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Gridlock in Washington

Capture and burning of Washington by the British, in 1814

While many Americans are angry about what our government has done in one or more areas, others are frustrated by the lack of action, or slow progress toward a favored goal.  The approaching election may change control of one or both houses of Congress, but even if the Republicans capture both they will be unable to accomplish their agenda because of a Democratic president.  Gridlock seems likely for the next two years, but it would not be for the first time in our history.

In the American Seminar last week students discussed James S. Young’s The Washington Community, 1800-1828 (1966). Young describes the “rulers” in the new national capital, focusing most of his attention on the legislative branch, and secondarily, the executive. He praises Thomas Jefferson’s skills as the host at intimate congressional dinners, but argues that the President accomplished little through hospitality. For example, some in Congress objected to the Louisiana Purchase but few of their constituents opposed enlarging the nation. Yet when Jefferson tried a major foreign policy initiative, a trade embargo against the European powers, he crippled his administration and wrecked his party’s unity.

His successors were even less successful as chief executives.  James Madison proved a better designer of the government, as the Constitution’s chief author, than a manager of it, allowing himself to be pushed into an ill-advised second war with Great Britain.  An American army fled from the enemy.  Washington was abandoned, sacked, and burned by British invaders.  New Englanders pondered secession at the Hartford Convention.

James Monroe presided over the Era of Good Feeling, marked by the demise of the Federalist party.  But as president he failed to accomplish much because of a splintered Republican party rent by shifting regional and ideological factions that changed with each session, and often during sessions.  When he issued what became known as the Monroe Doctrine he did not ask for congressional approval and would not have gotten it if he had.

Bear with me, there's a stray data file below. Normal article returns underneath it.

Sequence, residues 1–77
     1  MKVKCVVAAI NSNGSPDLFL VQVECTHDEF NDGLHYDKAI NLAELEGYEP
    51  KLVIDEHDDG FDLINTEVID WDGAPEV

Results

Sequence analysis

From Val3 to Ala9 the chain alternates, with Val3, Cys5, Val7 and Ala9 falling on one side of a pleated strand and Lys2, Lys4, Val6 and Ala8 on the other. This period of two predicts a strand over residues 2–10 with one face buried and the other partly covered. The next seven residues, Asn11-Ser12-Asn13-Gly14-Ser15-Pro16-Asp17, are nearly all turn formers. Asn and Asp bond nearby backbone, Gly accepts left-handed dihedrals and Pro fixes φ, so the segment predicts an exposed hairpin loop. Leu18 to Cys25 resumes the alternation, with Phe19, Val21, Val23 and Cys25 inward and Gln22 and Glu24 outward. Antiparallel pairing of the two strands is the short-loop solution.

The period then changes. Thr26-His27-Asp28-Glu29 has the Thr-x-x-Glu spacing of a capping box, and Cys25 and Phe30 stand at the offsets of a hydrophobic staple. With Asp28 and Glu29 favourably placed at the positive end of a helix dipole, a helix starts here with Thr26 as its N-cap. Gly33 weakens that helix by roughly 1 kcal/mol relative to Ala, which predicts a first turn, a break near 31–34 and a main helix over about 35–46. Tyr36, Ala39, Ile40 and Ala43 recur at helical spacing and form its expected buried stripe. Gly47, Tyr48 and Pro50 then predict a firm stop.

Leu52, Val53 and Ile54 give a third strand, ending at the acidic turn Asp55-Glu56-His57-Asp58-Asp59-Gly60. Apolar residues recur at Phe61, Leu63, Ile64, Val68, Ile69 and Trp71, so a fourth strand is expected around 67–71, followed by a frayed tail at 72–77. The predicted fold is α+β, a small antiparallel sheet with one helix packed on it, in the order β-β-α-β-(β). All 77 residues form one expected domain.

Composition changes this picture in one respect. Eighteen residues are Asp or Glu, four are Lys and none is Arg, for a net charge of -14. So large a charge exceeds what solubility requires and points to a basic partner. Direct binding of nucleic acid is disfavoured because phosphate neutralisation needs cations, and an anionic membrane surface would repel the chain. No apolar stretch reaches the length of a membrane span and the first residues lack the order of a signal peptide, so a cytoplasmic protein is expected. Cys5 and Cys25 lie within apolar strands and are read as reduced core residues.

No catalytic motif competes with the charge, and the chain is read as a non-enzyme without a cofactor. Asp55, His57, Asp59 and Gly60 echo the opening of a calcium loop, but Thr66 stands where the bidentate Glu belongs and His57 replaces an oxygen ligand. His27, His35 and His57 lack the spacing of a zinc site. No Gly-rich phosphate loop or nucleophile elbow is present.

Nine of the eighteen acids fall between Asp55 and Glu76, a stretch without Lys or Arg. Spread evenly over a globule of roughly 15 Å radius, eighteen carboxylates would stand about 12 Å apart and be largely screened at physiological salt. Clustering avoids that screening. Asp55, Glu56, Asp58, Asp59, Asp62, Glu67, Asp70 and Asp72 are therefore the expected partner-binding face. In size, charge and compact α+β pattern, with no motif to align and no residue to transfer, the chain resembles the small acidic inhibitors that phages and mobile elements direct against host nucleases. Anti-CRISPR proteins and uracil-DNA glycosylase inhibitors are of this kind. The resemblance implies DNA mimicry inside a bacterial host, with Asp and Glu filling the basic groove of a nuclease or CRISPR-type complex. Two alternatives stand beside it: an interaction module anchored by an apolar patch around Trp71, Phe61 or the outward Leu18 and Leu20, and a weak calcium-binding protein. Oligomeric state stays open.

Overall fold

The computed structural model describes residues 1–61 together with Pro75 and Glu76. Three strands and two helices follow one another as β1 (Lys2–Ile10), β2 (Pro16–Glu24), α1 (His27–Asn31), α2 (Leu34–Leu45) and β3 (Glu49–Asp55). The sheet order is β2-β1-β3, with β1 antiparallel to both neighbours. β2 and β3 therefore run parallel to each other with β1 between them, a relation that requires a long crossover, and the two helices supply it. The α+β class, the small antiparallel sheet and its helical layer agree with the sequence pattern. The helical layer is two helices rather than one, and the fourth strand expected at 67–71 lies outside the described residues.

His successor, the former Federalist turned Republican John Quincy Adams, lost control of his administration to his own cabinet and like his father served only one term.  None of the presidents from 1801 to 1828 could do much to lead or manage independent and often truculent legislators.  Members of Congress did not identify themselves as party members.  There were no majority whips or floor leaders. While the executive was weak, Congress generally was divided, despite ostensible control by a large Republican majority in both houses.

This fragile edifice collapsed with the end of the congressional presidential nominating caucus after 1824, and the Jacksonian revolution in 1828.  One result in the next generation would be a much stronger second party system, and a far more powerful and effective national government.  Presidents from both parties could push their legislative agendas, and with the newly created committee system, and party leaders, Congress pushed back, leading to a series of accomplishments, albeit compromises, in a variety of areas.

About The Author: Michael Chesson was the Founding Dean of the American College of History and Legal Studies.

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